Kia Addison ’20 wrote her first book at the tender age of 12.
She had read a novel and was unsatisfied with the way it ended.
“I was going to write an alternate [story] and ended up creating my own characters and my own world,” she said.
“I still have not stopped writing. That’s my passion; that’s what I love to do.” said Addison, an English literature major at Pacific University.
Over the years, Addison has written poetry, fiction, fantasy, historical fiction, novels and short stories. Like many writers, she is also voracious reader.
While many of her peers are still sound asleep, Addison rises early each morning to write and reflect. It’s a habit she developed in high school, and her drive is paying off in more ways than one.
In May 2017, she won the inaugural Mitchell S. Jackson Scholarship for Writers of Color for her essay Downward.
The $1,500 scholarship is awarded to an incoming freshman student of color planning to earn a degree in writing, journalism, English, communication or a related field. Addison applied for the scholarship in late 2016, prior to starting at Pacific, where she is majoring in English literature and minoring in editing and publishing.
The scholarship is underwritten by the NW Injury Law Center, a personal injury firm in Vancouver, Wash., and Mitchell Jackson, an award-winning author from Portland, Ore.
In addition to receiving financial support from the scholarship, Addison will also receive mentorship from Jackson, whose latest novel, The Residue Years, won the 2016 Whiting Award and other honors.
In her winning essay, Addison reflects on how language shaped her self-image growing up. In preschool, she was the only African American in her class — a point of difference that she didn’t notice much until other students made an issue of it.
“When you are a kid, you don’t really notice” racial differences, Addison said. But “all the other kids used to [ask], ‘Why are you that color?’”
Addison responded with humor, although not knowingly at the time.
“My grandmother told me that it was because I drank too much chocolate milk,” Addison said.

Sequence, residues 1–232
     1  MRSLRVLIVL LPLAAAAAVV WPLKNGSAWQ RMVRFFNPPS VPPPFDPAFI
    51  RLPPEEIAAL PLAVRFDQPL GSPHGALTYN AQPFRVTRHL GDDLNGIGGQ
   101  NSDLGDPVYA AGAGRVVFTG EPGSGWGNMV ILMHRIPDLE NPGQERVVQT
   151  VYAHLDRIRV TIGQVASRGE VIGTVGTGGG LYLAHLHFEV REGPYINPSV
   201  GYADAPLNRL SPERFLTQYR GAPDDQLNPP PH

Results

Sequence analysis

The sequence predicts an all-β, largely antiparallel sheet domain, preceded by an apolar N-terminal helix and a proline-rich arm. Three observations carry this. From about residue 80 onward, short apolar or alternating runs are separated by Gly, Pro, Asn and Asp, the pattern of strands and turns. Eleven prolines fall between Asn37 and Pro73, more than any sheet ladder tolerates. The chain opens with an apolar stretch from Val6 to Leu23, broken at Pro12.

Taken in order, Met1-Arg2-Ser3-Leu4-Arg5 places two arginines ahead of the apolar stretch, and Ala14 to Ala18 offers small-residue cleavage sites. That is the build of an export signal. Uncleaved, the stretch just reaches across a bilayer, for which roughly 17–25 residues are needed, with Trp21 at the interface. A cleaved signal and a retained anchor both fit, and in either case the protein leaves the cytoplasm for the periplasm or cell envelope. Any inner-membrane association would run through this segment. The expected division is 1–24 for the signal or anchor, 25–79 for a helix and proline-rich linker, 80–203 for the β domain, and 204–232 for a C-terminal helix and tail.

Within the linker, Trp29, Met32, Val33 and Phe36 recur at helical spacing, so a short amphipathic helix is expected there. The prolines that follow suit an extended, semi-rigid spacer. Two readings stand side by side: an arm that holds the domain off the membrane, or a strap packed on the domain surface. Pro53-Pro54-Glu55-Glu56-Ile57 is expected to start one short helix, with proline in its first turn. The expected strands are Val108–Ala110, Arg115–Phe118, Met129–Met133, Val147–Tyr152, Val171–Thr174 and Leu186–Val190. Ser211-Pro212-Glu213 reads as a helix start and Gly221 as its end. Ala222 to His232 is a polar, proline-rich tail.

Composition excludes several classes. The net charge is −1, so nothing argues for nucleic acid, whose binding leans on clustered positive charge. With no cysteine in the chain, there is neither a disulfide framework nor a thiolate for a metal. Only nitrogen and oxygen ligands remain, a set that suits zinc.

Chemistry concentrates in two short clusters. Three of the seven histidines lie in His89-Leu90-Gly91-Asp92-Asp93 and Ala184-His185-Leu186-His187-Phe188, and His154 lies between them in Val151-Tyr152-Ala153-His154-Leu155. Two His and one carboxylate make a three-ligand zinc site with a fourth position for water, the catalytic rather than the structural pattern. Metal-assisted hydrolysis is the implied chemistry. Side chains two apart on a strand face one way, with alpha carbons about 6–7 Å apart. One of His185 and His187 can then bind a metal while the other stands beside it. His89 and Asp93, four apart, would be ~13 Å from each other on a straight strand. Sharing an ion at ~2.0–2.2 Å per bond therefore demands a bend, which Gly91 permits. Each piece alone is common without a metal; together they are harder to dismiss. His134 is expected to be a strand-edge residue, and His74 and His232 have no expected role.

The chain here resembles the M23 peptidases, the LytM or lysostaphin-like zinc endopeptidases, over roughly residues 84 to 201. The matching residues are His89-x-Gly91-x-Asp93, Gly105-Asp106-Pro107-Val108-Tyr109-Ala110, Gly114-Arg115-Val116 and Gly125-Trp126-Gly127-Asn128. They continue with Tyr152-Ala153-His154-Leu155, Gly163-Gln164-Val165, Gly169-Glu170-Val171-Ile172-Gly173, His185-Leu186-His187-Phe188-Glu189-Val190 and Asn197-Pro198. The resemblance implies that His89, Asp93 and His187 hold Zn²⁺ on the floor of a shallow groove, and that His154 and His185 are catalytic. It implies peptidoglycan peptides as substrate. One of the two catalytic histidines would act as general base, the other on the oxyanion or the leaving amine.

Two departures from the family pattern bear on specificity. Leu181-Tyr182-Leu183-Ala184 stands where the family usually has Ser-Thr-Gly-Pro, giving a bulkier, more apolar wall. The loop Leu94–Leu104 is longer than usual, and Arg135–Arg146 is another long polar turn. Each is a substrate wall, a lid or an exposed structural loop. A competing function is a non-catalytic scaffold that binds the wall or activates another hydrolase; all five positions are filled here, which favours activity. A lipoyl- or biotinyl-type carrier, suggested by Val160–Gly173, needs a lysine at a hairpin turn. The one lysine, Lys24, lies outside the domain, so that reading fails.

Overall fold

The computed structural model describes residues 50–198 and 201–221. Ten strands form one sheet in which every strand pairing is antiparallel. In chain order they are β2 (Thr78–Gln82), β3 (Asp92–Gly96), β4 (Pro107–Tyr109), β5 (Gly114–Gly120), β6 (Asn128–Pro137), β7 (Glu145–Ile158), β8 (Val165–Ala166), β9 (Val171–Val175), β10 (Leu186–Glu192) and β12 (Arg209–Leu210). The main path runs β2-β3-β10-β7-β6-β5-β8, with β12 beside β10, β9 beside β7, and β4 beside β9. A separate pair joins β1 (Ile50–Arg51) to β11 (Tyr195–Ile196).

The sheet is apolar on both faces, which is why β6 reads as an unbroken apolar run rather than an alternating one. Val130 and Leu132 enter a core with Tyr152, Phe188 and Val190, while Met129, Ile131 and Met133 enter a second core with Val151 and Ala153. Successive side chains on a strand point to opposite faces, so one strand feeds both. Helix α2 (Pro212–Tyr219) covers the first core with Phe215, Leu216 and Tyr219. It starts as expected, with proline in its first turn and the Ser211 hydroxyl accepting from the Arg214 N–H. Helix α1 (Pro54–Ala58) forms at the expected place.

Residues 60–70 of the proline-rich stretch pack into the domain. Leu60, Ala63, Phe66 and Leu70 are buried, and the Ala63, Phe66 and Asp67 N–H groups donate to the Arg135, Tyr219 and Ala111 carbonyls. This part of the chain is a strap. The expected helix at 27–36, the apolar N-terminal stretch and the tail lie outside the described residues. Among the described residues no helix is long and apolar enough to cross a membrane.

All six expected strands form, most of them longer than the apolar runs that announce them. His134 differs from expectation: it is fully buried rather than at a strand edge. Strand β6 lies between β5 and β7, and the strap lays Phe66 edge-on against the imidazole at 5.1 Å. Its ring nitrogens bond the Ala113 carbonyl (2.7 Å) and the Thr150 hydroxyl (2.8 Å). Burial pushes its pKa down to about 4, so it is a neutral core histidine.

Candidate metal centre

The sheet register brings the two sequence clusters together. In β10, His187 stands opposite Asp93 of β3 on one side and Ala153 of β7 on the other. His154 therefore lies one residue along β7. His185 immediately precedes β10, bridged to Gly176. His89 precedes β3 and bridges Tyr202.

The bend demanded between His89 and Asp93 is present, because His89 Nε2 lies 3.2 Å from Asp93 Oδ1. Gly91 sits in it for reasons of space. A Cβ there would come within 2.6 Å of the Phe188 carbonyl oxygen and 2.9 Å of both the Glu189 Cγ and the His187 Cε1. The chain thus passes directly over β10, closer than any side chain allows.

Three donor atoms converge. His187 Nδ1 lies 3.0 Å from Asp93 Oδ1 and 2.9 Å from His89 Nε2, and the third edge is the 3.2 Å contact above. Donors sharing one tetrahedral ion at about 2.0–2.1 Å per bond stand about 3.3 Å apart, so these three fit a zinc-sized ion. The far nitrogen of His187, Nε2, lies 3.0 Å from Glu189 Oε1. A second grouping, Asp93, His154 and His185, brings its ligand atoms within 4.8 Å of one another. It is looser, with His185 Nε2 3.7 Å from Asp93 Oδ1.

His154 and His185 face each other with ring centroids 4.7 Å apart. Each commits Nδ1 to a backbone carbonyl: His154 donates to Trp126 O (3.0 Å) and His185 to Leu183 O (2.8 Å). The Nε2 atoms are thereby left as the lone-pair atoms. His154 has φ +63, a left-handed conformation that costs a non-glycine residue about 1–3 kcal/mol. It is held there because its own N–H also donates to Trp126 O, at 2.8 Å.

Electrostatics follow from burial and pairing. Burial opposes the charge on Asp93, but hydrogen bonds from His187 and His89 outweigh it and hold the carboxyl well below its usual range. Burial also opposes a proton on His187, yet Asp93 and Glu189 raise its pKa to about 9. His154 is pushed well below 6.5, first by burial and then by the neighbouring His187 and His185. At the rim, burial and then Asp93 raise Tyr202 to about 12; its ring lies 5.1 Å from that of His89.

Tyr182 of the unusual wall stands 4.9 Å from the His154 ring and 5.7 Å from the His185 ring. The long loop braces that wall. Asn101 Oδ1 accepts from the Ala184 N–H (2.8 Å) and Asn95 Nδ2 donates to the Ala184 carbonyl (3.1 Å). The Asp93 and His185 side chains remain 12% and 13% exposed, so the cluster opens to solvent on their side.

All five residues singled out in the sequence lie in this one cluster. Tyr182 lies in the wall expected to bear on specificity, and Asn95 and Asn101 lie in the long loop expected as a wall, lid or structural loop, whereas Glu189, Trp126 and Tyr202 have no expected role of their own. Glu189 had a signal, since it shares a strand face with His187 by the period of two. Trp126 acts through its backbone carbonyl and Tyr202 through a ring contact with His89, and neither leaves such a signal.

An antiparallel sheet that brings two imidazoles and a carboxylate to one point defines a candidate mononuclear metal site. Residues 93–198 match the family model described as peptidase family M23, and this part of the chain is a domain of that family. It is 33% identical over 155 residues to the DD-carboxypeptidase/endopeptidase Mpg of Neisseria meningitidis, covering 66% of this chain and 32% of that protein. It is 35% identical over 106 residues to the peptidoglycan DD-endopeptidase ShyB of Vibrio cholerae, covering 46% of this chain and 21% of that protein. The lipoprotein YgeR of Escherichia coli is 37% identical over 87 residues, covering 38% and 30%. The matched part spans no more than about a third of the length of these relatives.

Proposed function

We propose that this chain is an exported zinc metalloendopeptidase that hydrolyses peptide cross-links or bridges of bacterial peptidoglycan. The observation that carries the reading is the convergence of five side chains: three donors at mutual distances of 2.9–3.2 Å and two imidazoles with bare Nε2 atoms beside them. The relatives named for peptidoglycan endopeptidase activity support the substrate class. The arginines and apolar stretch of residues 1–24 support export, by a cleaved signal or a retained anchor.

“That’s what I told them. I think I messed with a lot of people’s minds.”
In her essay, Addison also reflects on how the language often used to describe her hometown, Tacoma, Wash., negatively influenced her own self-image. A port city south of Seattle, Tacoma has made strides in recent years but has long struggled with deep poverty and violence.
“You always say, ‘I’m going down to Tacoma’ if you are from there, mainly because of the [negative] stereotype about Tacoma,” Addison said.
“I became associated with those downward cities, places that aren’t necessarily at the top of the world, yet have the greatest people in them,” she added. “They have incredible infrastructures of charity. There are people building on top of the gunk that may exist in a place” like Tacoma.
Addison’s experiences as a child not only had a profound influence on her early self-image, but eventually her approach to writing too.
“It is still important [to me] to get out the stories of people who may not be heard, but, more importantly, may only be heard in a certain light,” Addison said.
As a writer, she also strives to shine a light on “the incredible work that is being done in some of these ‘downward’ cities.”
At Pacific, Addison has immersed herself in academic and extracurricular activities that have helped her grow as a writer. She has participated in the Speech & Debate Team and the English Club. She is also a member of the Black Student Union.
“I love new experiences because they mean more stories,” she said.
After graduation, she plans to pursue a career as an editor. By mentoring other writers someday, Addison believes she will continue to hone her writing skills.
“I want to create a career out of [reading and writing] so that I can actually do what I love, as opposed to just doing a job for the sake of getting money.”